Planning a Funeral for a Suicide Victim
Some funerals are more difficult to plan than others. While all grief is real and painful, circumstances can make planning a funeral a struggle. This is especially true in instances where the cause of death was suicide.
Historically, suicide victims were not allowed to have a traditional funeral or be buried in the same consecrated ground as their families. While religious ideology may still play a role in how a suicide victim is buried and remembered, the funeral industry opens its doors to families undergoing this kind of loss.
A Suicide Victim’s Funeral
On the outside, a funeral for a suicide victim looks just the same as any other funeral. You can choose burial or cremation, embalming, and select between an open or closed casket. You can hold a religious or personal memorial service. You can send sympathy flowers and write an obituary. The only major difference is in how you and your family treat the subject matter surrounding the death.
Although every family (and every individual) reacts differently to suicide, most experts agree that the best way to address your collective loss is to make space for everyone’s feelings of grief and loss. Cloaking the death in euphemism or avoiding the subject of suicide may make the funeral itself run more smoothly, but it denies the real heart of a funeral—which is allowing people to say their goodbyes and come to terms with their loss. By ignoring the circumstances of the death or otherwise hiding it, you may end up stifling feelings and contributing to more grief and despair once the funeral has ended.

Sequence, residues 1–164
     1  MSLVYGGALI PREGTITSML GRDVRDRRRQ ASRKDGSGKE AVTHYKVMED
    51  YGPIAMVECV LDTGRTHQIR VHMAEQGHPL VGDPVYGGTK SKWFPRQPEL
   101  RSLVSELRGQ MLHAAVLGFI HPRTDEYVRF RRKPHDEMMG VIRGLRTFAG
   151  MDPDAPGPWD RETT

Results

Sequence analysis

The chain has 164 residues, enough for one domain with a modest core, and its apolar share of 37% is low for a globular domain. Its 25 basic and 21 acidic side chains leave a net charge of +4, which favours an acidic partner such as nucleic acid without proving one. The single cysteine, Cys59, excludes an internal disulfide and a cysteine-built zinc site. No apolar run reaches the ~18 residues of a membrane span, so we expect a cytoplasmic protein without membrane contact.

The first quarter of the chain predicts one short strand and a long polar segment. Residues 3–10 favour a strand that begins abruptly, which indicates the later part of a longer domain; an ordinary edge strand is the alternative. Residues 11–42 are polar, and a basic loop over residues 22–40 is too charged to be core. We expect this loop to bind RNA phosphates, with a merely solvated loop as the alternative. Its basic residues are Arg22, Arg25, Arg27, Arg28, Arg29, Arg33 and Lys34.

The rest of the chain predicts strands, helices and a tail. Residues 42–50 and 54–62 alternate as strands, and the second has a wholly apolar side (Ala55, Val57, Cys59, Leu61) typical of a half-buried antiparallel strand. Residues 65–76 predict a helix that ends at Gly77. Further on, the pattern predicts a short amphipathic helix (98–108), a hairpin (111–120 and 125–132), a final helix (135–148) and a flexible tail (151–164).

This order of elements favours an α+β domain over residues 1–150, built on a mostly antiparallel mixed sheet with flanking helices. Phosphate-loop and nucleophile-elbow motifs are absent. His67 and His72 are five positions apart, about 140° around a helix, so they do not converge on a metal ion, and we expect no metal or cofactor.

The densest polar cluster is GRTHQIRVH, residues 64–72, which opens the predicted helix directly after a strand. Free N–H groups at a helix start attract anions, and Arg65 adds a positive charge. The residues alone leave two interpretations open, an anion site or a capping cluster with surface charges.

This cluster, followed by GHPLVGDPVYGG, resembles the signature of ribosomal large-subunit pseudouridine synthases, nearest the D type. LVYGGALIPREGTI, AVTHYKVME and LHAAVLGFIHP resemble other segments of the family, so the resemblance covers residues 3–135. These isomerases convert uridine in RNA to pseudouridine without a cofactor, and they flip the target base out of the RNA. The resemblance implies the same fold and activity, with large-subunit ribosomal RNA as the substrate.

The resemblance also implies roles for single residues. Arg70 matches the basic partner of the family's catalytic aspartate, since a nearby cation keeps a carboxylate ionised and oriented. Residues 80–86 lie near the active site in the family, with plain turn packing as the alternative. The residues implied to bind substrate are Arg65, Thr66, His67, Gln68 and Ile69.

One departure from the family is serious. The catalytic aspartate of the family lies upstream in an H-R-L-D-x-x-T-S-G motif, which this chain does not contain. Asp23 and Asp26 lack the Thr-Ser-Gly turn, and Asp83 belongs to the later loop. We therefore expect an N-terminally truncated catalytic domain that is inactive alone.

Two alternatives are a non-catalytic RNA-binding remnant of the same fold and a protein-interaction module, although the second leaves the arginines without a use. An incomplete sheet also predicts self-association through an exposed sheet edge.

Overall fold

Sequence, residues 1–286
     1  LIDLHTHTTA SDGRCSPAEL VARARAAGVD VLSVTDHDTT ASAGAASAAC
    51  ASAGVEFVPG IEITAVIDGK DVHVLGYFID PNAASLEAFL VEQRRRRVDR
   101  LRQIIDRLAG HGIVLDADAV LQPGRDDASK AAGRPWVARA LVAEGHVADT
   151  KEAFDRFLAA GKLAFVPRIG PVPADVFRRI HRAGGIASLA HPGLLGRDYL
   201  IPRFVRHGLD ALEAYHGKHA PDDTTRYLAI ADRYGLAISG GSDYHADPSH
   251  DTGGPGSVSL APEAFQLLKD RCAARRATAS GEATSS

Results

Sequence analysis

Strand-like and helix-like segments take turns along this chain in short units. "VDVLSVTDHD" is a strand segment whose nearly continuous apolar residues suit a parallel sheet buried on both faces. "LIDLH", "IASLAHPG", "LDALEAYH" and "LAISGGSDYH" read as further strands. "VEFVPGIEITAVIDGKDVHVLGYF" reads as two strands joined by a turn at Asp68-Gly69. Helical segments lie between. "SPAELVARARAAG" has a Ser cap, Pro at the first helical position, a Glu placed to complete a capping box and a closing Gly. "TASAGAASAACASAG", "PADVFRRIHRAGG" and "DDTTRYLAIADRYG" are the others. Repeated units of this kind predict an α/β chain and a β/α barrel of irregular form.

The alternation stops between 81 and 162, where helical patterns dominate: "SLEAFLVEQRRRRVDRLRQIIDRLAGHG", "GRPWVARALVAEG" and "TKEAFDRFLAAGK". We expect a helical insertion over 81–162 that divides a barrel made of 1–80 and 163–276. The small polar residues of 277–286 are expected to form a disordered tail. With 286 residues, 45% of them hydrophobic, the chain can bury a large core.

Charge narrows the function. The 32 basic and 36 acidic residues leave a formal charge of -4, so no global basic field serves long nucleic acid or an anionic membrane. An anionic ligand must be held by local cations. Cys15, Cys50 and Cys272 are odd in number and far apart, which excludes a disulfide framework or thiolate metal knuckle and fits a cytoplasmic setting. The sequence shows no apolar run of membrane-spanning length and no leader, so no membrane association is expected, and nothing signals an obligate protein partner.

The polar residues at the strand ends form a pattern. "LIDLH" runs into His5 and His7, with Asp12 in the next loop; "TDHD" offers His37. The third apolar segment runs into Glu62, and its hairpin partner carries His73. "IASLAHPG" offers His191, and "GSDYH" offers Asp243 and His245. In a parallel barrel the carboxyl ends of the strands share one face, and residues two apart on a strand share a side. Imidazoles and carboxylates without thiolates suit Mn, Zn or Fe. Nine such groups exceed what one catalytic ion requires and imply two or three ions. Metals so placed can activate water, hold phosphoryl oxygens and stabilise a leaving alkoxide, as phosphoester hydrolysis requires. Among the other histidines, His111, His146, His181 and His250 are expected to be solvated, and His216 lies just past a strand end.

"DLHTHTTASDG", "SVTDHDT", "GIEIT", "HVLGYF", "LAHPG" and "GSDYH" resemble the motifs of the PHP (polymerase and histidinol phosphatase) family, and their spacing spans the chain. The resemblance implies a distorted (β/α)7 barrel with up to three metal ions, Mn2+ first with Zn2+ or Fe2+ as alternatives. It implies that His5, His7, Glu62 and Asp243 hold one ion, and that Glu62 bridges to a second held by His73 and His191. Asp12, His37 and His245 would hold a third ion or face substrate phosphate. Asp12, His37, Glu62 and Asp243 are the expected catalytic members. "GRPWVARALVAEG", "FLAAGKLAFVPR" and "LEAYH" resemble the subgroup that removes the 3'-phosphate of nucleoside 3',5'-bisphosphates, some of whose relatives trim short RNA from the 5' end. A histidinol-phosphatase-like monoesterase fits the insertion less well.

This does not mean that there is a one-size-fits-all approach to planning a funeral for a loved one who died of suicide. Instead, it is best to address the issue early on. Talk with other family members to get a sense for how they’d like to incorporate the cause of death. You can work with the funeral director and/or clergyman to select passages, hymns, and prayers that are appropriate for this situation. And if you find that a particular funeral home or church group is not approaching the funeral in the manner you would like, by all means exert your rights to choose another. No one should be allowed to make your family feel anything other than what is natural.
Finding Support Services
One thing that should be made available regardless of religious denomination or the funeral plans you make is additional support services and information. It is likely that friends and family members will be struggling to come to terms with this kind of tragic loss—no matter what the circumstances.
Contact a suicide support organization (or several) and gather up pamphlets and other information to have available at the funeral. You can also emphasize a favorite book on coping or make referrals to a counselor familiar with your situation. By providing an outlet for this kind of grief, you are helping to not only ensure a better funeral, but equipping attendees with the resources they need to move forward with their lives.
Please share your thoughts on this article
By Amy Johnson